Cricket World Cup 2019: With renewed confidence, Aaron Finch underlines his batting supremacy
Aaron Finch celebrates his 14th ODI hundred in Australia's 87-run win. © AFP

LONDON: One of the most humanising aspects of batting is when a cricketer gets to three figures. A big smile, a leap in the air, arms raised aloft, a look skywards, a congratulatory bear hug with the guy at the other end or a red-faced roar – to see some variation of emotions released is what fans love to eat up.

The David Warner leap. The Shikhar Dhawan eagle spread. The Virat Kohli expletive … oh, that’s stopped, hasn’t it? Right, moving on.

On Saturday at Kennington Oval, Aaron Finch moved from 95 to 101 with a lofted six over long-off. Off came his helmet, which he kissed, and then up went his arms to soak in the applause from a near-full stadium. He pointed his bat towards the Australian dressing room, which stood as one in appreciation of Finch’s 14th ODI hundred.

For Finch, the emotion after scoring 153 off 132 balls to set up Australia’s 87-run win over Sri Lanka in match 20 of the ICC Cricket World Cup 2019 at Kennington Oval on Saturday was, well, ho-hum.

“It was all right, yeah,” he said with a shrug of the shoulders, cuing chuckles amid the media gathered for the post-match press conference.

But of course he was kidding, surely?

“It’s nice. It’s always nice to get 100 and contribute to a win,” said Finch when pressed to share his emotions. “Honestly, it doesn’t really bother me if I get 99 or 100. It doesn’t make a huge amount of difference to me personally. As long as you get yourself in a position to help the team win, that’s what I’m more worried about. Obviously that’s better than getting none, don’t get me wrong. It was nice to get 100. It just doesn’t … winning the game is far more important than getting 100, a personal milestone.”

SCORECARD: AUSTRALIA vs SRI LANKA, KENNINGTON OVAL

Win Australia did, to move to the top of the World Cup points table. And it was no coincidence that the man who really set up the win was Finch, who earlier this year was at the heart of the Australian cricket team’s remarkable resurgence as an ODI force.

After a lean run for form during which he went 21 innings without a half-century in limited-overs cricket, Finch struck form during Australia’s tour of India earlier this year in March when he made 93 in the third ODI. Australia won that match, and then went from being 0-2 down to beat India 3-2.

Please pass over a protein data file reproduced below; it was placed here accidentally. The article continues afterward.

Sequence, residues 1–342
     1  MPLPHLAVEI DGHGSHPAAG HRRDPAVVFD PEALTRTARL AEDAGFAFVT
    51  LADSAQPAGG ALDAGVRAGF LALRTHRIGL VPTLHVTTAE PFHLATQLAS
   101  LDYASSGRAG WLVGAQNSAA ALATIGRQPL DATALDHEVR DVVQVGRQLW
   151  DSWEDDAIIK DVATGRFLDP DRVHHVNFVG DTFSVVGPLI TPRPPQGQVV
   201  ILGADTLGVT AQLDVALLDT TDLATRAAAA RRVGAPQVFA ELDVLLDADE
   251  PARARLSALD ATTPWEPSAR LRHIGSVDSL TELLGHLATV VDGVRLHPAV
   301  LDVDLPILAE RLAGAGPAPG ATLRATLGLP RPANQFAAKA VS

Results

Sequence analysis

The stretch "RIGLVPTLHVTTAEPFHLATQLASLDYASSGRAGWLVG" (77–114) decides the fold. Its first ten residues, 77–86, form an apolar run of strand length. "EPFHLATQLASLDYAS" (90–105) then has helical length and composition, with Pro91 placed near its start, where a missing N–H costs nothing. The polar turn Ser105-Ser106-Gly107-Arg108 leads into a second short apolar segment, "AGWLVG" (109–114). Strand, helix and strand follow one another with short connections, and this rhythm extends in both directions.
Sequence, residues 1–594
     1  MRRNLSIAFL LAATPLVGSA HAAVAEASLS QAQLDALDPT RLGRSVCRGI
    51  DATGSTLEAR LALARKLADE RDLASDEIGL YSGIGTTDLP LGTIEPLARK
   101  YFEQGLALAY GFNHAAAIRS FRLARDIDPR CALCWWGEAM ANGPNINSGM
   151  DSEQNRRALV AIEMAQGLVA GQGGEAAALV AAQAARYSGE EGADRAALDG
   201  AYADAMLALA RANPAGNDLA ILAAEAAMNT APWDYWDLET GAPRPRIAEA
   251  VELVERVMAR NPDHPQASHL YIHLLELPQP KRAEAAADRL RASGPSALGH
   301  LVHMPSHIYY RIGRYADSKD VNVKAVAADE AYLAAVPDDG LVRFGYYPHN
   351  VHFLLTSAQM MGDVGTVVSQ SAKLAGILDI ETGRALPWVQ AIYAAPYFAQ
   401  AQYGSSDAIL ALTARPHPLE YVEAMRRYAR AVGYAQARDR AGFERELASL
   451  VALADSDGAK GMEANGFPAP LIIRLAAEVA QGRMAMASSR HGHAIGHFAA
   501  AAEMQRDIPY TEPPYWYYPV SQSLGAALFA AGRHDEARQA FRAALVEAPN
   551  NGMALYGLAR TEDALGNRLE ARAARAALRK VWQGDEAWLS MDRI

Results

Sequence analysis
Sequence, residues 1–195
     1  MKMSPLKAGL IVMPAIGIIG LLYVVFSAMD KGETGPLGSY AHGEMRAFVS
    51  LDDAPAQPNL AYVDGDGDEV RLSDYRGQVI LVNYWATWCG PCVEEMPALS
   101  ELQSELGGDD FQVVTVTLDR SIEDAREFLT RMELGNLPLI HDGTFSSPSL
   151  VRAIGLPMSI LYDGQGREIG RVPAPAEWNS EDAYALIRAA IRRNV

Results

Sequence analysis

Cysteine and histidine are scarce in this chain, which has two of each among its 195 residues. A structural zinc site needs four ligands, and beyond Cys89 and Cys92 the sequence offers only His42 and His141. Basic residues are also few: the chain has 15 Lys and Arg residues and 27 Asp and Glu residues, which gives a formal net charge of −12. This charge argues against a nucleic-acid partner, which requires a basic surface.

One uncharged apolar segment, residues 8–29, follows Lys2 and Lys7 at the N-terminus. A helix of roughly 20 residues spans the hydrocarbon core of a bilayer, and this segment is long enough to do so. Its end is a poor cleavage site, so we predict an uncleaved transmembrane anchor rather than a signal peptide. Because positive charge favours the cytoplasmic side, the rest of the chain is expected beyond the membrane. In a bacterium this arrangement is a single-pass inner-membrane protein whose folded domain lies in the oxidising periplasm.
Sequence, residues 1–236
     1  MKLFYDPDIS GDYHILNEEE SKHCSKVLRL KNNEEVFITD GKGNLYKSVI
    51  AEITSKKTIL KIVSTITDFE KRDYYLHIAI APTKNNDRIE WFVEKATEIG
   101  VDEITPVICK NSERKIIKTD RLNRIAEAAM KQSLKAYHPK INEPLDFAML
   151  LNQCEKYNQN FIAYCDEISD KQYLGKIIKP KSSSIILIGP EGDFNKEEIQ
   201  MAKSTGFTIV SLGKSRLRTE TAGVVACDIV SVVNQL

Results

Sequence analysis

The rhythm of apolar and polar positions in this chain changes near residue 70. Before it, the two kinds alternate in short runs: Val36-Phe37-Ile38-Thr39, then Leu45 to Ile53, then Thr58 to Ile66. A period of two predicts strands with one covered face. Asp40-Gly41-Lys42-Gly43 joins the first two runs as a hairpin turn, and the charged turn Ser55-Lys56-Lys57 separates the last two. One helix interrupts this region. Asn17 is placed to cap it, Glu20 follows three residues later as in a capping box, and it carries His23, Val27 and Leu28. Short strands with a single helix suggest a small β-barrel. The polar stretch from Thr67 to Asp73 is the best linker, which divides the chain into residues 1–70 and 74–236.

(ALSO READ: Sri Lanka refuse to attend post-match press conference)

Finch was then named Man of the Series in the 5-0 ODI sweep of Pakistan after scoring 451 runs at an average of 112.75, with two centuries and two fifties, in the UAE. In the ongoing World Cup, Finch has scores of 66, 6, 32, 86 and now 153 and has the most sixes (14) of the tournament. His Australian team are now top of the pile, and looking like contenders to win the World Cup.

Aaron Finch World Cup
Aaron Finch soaks in his 14th ODI century, and first as World Cup captain. © AFP

Finch, like all good ODI batsman, proved against Sri Lanka that if he can sustain is aggression for a lengthy period, a big innings is there for the taking. He set the pace for Australia’s win on a pitch that a day before wore a tinge of green, but which on match day may as well have been spray-paint. Finch dominated an opening stand of 80 with Warner, setting the tone with some thumped drives off Sri Lanka’s new-ball bowlers.

Thisara Perera came on to bowl the tenth over and Finch slapped him for two fours with a ferocity that may have sent a shudder down Dimuth Karunaratne’s spine. Dhananjaya de Silva bowled his first seven overs of spin for 20 runs and the wickets of Warner and Usman Khawaja, but in his eighth was taken apart as Finch moved into six-hitting mode. Perera, with his lack of pace, was later mowed over square leg for six and cut over point for four.

Before he got to his half-century, Finch thudded a drive between extra cover and mid-off for four. Karunaratne pushed back mid-off. As if to show his supremacy, Finch cracked another drive over the fielder. When short fine leg was moved fine, Finch used his crease to whip the ball just past the same man. Milinda Siriwardana was given an over and Finch hit him through the line for the six that gave him his hundred.

This was calculated and exceptional batting from a man enjoying a batting renaissance. He may not be worried about a Test recall, but in limited-overs cricket Finch is batting with an appetite for destruction.

His century secured, Finch got clobbered 52 runs from his next 35 balls before he was out for his joint-best score in ODIs. Personally, he was pleased to have converted this innings into a big hundred.

“It was actually nice to kick on past 100 and get 150 and go a little bit deeper than probably what I have,” he said. “I’ve done it a couple times recently in Dubai, but other hundreds have been 104, 105, 110, around that mark that obviously help get yourself in a good position but getting a 150, probably allows your side to go a little bit deeper and go a bit harder with your middle order.”

Finch’s batting was a joyous affair. And with their skipper in such dominating batting form, Australia continue to make heads turn.